Do Stuff Escape (London): Pie & Mash Shop

Outside the room

I’d visited Do Stuff back at the end of 2016 when they opened their first room, Hostage Hideout. It was a fun enough game, but it had a couple of weaknesses that I was hoping to see addressed in their new room. With almost a year’s experience, I was curious to see what they’d produce. A year of watching people play games gives you an insight that all the thinking in the world can’t provide before you open a room.

We weren’t hosted by the owners on this occasion, but I was pleased to see that they’d recruited someone who was incredibly welcoming and could give a good briefing. Mrs Logic happened to visit the previous day and was also impressed, so I don’t think this was a one-off effort – great to hear that, as the business expands, it won’t lose that engaging introduction.

It’s worth mentioning to those of you who’ve been there before and may be wondering, while you still head to the same reception area, the game itself isn’t located inside the pub but in a structure outside the front door. From what I could tell on the day we visited, it’s still warmed to a reasonable temperature, so don’t be too worried if that’s something you’ve been bitten by in similarly located games.

Background

Pie and Mash shop owner, Albert Bow, has gone missing…

You are part of a special task force assigned to investigate his disappearance, and find out what has happened to him.

Inside the room

I really didn’t know what to expect from a Pie & Mash Shop theme. I mean, I don’t think I’ve ever even been into a pie and mash shop. When I walked in, though, it felt right – a beautifully caricatured, minimalist version of what – in retrospect – a pie and mash shop should look like. They haven’t put in a huge amount of props, but what’s there is done to perfection. I particularly appreciated the way they’d laid it out as if you were walking into a proper shop, including some really nice details to help carry that scene when you start investigating. As a friend pointed out afterwards, they’d clearly thought about balancing realism without making searching tedious.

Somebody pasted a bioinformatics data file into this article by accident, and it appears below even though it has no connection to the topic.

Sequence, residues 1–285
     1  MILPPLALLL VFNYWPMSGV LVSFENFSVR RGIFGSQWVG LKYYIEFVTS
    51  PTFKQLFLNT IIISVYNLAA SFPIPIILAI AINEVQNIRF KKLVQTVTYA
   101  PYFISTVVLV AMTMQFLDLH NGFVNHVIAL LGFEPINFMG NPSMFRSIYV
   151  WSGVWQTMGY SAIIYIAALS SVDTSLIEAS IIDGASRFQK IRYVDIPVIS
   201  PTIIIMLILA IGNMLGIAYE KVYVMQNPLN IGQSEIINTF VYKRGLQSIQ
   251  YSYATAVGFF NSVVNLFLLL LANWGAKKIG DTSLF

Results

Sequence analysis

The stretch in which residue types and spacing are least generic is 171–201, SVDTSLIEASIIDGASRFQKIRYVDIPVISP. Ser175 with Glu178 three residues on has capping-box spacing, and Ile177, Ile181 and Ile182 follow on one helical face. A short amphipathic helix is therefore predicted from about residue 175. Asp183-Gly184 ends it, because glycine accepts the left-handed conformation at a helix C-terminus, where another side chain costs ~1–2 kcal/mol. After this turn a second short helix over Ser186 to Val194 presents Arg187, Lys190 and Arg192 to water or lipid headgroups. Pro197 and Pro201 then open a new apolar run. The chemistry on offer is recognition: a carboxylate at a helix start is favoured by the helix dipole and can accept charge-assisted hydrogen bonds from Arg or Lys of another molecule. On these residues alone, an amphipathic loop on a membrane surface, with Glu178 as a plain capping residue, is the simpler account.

There were a couple of parts of this game relating to set design/immersion¬†that I’d really like to talk about in more detail, but unfortunately I can’t tell you about either without spoiling them.¬†You’ll just have to take my word: they’ve delivered some subtle touches that went that extra step in carrying the experience.

Their previous room had delivered on its theme at the beginning of the game (for me, at least – I’ve heard others disagree), but the puzzles felt like they’d been layered on top without much integration. That absolutely wasn’t an issue here. They’d made good use of the props, the story and the theming to add puzzling that fitted the game well. Yes, there were some rough edges, with the occasional puzzle that felt a little forced and one that was excessively ambiguous in its solution, but they were easy to gloss over in what was otherwise a good room for puzzles.

In spite of our team size of four, I didn’t get any feeling of bottlenecking in the experience. The start is relatively open and, while it rapidly became more linear as the game progressed, it seemed to work well. There was something intimate about this game that made me enjoy playing that more linear finish as a team. Perhaps it was because there always seemed to be something to investigate even if there was only one soluble puzzle, or maybe it was just that several of the puzzles were easy to see/be involved in even if you weren’t the person front and centre.

As the game progresses, the story unfolds a little. This adds to the experience without dominating it; if the story isn’t something you care about, you could easily gloss over it entirely and still enjoy the puzzle side of things.

Result

Our team of four escaped in 33 minutes. Had we needed any, clues would have came over the walkie-talkie.

Verdict –

I really enjoyed Pie & Mash Shop. It felt like a step up over their previous game. Whether you’re looking for something quirky or for some solid puzzles in a pretty surround, it absolutely delivers.

We headed along with four players, but I think three would be the perfect number for enthusiasts. Even for first-timers, I’d probably stick to no more than four or you may find players sidelined at times.

Eating

There’s obviously food in the pub (including a special offer for players) but, unfortunately, service ends early on Sundays. Instead, we headed down the road to Angoletto, an Italian restaurant with good food and service.

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